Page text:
Meg Skill’s baking habit was a hobby, until it wasn’t just a hobby anymore. She originally started baking as a way to remain creatively engaged after taking a job as a receptionist after graduating from art school. She would spend hours perusing blogs about baking and cake decoration and then experiment on friends over the weekends. Eventually, she realized that her passion for baking was more than just a side project and decided to launch her own business, Nutmeg Cake Design.
“The thought of starting and running my own business terrified me,” Meg says. “I really never envisioned myself as a boss lady! But this is how it happened and I have no regrets.”
When she first decided to take a leap of faith and open her own bake shop in January 2015, she rented out space from The Bakeshop on Twentieth in Rittenhouse, working during their off-hours on nights and weekends. After her first year in business, she was able to finally move into her own space and has continued to grow her baking business.
Role Models: What steps did you take to plan for the launch of your own business?
Meg Skill: Well, I actually launched rather impulsively! I had no business plan, no funding, I was in debt and living paycheck to paycheck. I know that if I had waited for everything to fall perfectly into place to launch, I'd still be waiting. My intuition told me that this was the right direction to head in, and since I had nothing to lose, I jumped in with both feet when commercial kitchen space was suddenly available to me. I would certainly recommend a bit more preparation prior to launching, but also keep your eyes open for those big opportunities when they present themselves.
RM: What types of challenges did you face at the beginning, and how did you overcome them?
MS: I felt very isolated for the first few months. I didn’t know any other women in business, or even have friends who went to business school that I could turn to for help. But as it turned out, I was able to really depend on and help support the owners of The Bakeshop. Since we were both new businesses, we were learning quickly on our feet, sharing experiences and advice that helped us both thrive.
Eventually, I also tapped into a bigger network of professional women when I started going to networking events for people in the wedding industry. Through those experiences I started to feel both supported and validated. I also joined the Wellstruck Lady Boss community, which was a huge game changer for me. It’s provided me with both great networking opportunities and support. I’ve also created wonderful friendships through Wellstruck.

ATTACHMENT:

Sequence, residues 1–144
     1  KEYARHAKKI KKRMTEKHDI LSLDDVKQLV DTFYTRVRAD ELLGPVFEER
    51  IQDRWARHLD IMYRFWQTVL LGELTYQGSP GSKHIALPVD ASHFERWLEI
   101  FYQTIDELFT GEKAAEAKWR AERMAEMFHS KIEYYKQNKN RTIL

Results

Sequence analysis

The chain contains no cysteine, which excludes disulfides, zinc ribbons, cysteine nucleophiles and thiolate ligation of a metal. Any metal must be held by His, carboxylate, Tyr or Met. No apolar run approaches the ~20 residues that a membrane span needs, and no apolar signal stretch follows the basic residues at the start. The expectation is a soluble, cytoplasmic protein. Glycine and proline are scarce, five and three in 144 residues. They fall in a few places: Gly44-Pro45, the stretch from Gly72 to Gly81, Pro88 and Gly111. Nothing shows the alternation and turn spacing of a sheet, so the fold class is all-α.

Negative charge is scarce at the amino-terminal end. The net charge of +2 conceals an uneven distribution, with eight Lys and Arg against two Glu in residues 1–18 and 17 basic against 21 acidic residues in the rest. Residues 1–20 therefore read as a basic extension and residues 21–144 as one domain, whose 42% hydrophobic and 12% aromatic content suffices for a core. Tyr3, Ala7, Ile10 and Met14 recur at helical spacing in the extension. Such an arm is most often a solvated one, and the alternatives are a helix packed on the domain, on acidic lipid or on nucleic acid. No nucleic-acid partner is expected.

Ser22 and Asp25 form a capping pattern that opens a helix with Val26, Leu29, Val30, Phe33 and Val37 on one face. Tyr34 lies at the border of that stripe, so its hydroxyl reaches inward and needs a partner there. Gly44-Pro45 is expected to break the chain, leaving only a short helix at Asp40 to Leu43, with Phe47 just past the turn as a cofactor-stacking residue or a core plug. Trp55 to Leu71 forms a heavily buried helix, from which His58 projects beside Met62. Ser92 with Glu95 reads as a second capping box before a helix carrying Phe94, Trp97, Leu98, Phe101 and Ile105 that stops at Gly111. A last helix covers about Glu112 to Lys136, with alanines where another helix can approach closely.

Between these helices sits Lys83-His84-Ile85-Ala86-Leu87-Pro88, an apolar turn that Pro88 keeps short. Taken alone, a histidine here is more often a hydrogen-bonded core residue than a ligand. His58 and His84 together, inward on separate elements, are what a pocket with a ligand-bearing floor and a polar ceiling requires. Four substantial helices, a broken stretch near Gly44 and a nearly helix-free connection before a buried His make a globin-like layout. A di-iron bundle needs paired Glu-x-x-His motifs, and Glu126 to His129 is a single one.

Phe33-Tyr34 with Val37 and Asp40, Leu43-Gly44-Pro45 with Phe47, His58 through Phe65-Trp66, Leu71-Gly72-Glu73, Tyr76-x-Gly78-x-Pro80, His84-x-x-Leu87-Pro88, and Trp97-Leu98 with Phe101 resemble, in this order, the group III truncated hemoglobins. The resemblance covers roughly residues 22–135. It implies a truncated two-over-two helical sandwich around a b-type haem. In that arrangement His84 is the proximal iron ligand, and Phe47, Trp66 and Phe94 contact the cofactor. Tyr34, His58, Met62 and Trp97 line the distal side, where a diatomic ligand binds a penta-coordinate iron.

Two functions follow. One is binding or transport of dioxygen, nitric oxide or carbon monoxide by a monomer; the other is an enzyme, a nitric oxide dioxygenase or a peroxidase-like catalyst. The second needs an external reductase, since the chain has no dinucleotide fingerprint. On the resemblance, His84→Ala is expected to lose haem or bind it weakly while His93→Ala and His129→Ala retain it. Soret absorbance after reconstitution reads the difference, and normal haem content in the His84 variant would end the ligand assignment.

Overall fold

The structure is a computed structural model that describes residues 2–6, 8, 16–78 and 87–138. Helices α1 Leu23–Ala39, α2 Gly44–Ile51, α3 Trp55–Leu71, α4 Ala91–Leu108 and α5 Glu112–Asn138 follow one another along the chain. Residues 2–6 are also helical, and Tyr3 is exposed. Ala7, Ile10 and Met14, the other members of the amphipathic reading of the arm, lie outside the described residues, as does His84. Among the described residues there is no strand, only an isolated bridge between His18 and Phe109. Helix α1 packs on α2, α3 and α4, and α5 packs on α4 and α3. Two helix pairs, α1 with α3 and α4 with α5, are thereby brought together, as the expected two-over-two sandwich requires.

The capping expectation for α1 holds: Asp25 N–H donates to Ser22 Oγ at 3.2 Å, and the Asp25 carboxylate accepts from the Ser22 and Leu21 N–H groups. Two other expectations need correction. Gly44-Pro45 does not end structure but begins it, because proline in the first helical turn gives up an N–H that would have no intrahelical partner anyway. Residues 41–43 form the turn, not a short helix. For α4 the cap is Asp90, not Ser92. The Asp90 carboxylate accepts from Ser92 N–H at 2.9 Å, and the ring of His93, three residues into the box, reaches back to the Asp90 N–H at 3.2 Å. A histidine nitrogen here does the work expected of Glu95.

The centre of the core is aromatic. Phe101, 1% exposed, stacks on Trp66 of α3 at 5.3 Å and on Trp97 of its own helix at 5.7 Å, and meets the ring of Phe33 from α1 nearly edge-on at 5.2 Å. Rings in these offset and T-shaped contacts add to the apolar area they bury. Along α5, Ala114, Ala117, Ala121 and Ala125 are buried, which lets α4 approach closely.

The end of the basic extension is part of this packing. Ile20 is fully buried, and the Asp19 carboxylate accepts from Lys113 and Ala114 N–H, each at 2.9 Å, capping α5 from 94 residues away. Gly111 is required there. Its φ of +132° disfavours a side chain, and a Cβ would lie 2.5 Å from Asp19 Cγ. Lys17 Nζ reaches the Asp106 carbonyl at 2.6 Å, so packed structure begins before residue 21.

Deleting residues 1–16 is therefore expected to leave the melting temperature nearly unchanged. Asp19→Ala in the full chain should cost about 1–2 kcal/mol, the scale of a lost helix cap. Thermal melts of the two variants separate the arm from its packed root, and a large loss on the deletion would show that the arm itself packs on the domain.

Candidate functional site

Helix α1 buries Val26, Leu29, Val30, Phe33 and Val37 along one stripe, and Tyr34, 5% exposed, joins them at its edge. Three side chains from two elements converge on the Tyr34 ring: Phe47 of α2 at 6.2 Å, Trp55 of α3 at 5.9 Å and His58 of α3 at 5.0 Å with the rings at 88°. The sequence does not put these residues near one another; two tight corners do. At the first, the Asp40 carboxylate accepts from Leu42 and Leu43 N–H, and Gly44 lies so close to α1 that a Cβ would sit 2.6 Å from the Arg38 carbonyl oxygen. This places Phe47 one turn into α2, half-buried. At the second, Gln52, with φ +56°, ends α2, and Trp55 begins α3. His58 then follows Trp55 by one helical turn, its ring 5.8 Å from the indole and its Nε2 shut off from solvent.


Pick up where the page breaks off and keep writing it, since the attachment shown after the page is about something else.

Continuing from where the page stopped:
RM: What advice would you provide to other women who are thinking about starting their own business?
MS: Find your community and develop those relationships in an organic and authentic manner. Those relationships can end up being more valuable to you than marketing and advertising. I've really found that my favorite part of being a business owner is knowing that I'm not alone in this--that there is this vast web of local, smart women that are in the trenches right there with me. We're all striving for growth and we're there to cheer each other on and collaborate.
RM: Speaking of marketing and advertising, how did you build the business so quickly?
MS: I actually built the business mostly on Instagram and word of mouth. To some extent, that’s really still how I approach developing new business! I built a website myself using Squarespace and then just used my expanding network to spread the word.
RM: It sounds like you wear a lot of hats! How do you manage everything?
MS: For a long time my work-life balance really suffered, and that is still one of my greatest challenges. I launched the business by myself, so I had no one to share responsibilities with--I’m talking about all the additional tasks aside from the actual baking. So, trying to manage the business and then also trying to take care of myself--like sleep, exercising, and eating well--ended up falling by the wayside. I am still trying to figure that one out, but I finally was able to hire my first employee to help me in 2017, which has been a game changer.
RM: How has hiring someone to help you positively affected you or the business?
MS: It’s definitely improved my work-life balance. It also takes some of the stress of running a business off my plate. I can focus on bringing in more business and also reconnect to my creativity. It’s been nice to have additional creative input as well. My current employee, Kelly, has been such a great addition to the team--she works quickly, efficiently and contributes ideas for workflow, recipes and designs.